According to the City of Hudson's Code of Ethics at §20-1 ("Statutory authority; purpose"):

    "The rules of ethical conduct of this chapter as adopted shall not conflict with, but shall be in addition to, any prohibition of Article 18 of the General Municipal Law ..."

    From Article 18 of the New York state General Municipal Law:

    §809. Disclosure in certain applications.

    "1. Every application, petition or request submitted for a variance, amendment, change of zoning, approval of a plat, exemption from a plat or official map, license or permit, pursuant to the provisions of any ordinance, local law, rule or regulation constituting the zoning and planning regulations of a municipality shall state the name, residence and the nature and extent of the interest of any state officer or any officer or employee of such municipality or of a municipality of which such municipality is a part, in the person, partnership or association making such application, petition or request (hereinafter called the applicant) to the extent known to such applicant.

    "2. For the purpose of this section an officer or employee shall be deemed to have an interest in the applicant when he, his spouse, or their brothers, sisters, parents, children, grandchildren, or the spouse of any of them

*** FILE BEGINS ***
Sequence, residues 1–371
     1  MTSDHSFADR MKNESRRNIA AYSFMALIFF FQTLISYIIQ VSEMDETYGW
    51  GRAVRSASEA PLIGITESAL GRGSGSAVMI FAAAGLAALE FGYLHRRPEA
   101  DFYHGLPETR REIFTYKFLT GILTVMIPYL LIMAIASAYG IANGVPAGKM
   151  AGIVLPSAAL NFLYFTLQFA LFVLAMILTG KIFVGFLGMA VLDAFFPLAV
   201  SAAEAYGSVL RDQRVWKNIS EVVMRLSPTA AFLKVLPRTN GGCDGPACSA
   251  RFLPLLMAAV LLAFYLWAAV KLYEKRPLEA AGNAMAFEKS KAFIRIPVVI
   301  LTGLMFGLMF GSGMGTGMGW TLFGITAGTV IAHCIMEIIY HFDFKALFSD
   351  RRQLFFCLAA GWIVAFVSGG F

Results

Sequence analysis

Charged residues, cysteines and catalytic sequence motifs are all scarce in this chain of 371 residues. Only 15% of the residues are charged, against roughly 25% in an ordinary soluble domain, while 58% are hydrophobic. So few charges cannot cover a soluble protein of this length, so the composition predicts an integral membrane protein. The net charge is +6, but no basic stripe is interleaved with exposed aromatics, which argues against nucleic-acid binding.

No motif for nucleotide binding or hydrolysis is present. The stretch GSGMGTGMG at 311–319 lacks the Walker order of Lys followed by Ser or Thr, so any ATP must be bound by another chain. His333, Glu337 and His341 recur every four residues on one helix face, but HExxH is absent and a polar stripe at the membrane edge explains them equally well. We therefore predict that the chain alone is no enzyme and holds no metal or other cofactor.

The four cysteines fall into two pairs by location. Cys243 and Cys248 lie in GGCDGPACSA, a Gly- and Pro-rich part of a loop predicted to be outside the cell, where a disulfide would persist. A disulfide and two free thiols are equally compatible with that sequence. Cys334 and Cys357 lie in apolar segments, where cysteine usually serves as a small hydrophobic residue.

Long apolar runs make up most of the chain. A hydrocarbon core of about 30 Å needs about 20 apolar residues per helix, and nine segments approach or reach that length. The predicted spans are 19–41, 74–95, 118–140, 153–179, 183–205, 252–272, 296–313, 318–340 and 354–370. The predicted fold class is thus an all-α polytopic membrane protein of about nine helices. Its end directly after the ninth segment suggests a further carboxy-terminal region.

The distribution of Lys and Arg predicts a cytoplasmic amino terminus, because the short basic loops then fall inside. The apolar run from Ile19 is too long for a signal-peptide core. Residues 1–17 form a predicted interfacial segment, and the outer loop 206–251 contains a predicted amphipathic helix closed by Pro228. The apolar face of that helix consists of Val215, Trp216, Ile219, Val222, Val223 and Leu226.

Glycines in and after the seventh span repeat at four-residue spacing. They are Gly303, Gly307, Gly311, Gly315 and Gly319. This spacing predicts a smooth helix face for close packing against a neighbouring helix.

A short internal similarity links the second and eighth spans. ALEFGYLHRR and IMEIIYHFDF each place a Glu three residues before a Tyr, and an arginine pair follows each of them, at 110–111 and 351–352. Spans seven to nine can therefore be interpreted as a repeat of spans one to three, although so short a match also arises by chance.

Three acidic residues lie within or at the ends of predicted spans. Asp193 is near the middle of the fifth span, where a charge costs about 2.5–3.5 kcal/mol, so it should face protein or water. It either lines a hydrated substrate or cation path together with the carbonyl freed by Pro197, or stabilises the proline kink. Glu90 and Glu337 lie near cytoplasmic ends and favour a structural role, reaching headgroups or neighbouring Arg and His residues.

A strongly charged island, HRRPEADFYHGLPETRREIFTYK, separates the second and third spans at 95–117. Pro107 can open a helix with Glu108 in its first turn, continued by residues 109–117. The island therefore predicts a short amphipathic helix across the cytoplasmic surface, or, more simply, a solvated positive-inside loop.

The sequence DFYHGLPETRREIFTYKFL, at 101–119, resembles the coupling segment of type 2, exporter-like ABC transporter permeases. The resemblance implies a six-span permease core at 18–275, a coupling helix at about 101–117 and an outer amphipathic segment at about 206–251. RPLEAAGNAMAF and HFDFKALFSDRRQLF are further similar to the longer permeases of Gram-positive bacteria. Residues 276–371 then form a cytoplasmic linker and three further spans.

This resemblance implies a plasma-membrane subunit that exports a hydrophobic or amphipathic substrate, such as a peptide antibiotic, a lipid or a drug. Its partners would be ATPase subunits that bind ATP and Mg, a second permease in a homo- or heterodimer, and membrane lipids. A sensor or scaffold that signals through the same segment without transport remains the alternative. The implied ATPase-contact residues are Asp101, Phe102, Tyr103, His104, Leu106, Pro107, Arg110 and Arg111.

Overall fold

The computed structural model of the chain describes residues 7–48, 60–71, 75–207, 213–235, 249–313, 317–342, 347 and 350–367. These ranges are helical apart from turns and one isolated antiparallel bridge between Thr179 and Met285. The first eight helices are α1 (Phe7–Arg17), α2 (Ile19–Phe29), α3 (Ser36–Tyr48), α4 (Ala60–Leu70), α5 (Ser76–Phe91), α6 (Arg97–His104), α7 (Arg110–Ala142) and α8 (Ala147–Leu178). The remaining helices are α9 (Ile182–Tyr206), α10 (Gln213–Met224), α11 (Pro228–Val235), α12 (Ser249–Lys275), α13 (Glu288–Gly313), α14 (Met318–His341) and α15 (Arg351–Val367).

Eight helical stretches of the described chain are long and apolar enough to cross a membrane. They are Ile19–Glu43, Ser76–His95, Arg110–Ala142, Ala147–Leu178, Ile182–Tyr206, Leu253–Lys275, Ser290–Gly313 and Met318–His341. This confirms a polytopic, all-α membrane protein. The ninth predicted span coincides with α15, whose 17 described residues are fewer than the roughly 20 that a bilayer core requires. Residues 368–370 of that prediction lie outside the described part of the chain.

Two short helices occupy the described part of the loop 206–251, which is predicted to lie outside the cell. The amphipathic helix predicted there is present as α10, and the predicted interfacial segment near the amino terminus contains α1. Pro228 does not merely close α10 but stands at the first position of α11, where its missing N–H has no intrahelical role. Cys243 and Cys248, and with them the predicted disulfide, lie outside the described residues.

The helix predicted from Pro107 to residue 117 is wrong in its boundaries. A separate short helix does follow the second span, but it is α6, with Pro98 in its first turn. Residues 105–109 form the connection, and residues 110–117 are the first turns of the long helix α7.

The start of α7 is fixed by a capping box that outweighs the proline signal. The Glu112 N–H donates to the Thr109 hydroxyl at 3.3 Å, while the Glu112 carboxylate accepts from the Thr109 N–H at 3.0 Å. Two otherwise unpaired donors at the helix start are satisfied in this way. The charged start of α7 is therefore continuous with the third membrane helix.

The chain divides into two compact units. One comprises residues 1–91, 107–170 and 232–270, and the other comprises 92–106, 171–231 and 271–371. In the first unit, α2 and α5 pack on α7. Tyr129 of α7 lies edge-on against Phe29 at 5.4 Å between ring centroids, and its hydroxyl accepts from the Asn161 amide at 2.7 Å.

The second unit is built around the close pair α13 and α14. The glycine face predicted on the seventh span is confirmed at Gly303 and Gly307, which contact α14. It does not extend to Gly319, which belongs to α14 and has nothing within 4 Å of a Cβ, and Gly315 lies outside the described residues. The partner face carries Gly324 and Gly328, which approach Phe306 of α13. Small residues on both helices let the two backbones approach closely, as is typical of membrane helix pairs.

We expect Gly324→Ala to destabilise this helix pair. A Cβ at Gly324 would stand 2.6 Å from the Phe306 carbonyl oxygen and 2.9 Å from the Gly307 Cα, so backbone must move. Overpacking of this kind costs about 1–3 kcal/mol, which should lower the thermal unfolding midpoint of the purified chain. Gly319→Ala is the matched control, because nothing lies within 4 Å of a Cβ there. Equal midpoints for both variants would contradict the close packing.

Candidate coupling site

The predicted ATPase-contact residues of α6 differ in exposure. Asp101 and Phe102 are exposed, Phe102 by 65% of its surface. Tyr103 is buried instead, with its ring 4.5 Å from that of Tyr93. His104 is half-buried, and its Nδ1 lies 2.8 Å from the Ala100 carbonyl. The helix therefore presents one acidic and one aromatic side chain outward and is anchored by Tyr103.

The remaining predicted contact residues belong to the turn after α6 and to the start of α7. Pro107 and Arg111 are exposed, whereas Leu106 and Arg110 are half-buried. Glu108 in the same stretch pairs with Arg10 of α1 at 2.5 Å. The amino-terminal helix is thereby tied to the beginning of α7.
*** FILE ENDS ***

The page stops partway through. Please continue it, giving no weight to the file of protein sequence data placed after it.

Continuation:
"(a) is the applicant, or
    "(b) is an officer, director, partner or employee of the applicant, or
    "(c) legally or beneficially owns or controls stock of a corporate applicant or is a member of a partnership or association applicant, or
    "(d) is a party to an agreement with such an applicant, express or implied, whereby he may receive any payment or other benefit, whether or not for services rendered, dependent or contingent upon the favorable approval of such application, petition or request. ..."$$GMU809$$@TXGMU0809+&LIST=LAW+&BROWSER=BROWSER+&TOKEN=52369846+&TARGET=VIEW

  9. To continue the concern and to follow the thread, my understanding is that Philip Foreman also sits on the Assessment Review Board. Does anyone know if in fact some of Galloway's properties were given a sizeable tax decrease (I would assume it would have been 2011-2012 time frame)? I do not want to address the possibility of conflict of interest unless the actual facts are brought forward by someone who has access to this information. Can anyone shed light on this with additional details?

  10. Members of boards and committees are provided at the City of Hudson website:

    The General Municipal law cited may or may not apply to this situation. To give the gentleman the benefit of the doubt, Mr. Foreman may have already learned what is and isn't a conflict of interest in this situation. He may be the best expert on the question.

    If that's the case, then he will have discussed this already with his respective boards. Even if it turns out there is no conflict of interest, that was the proper thing to do.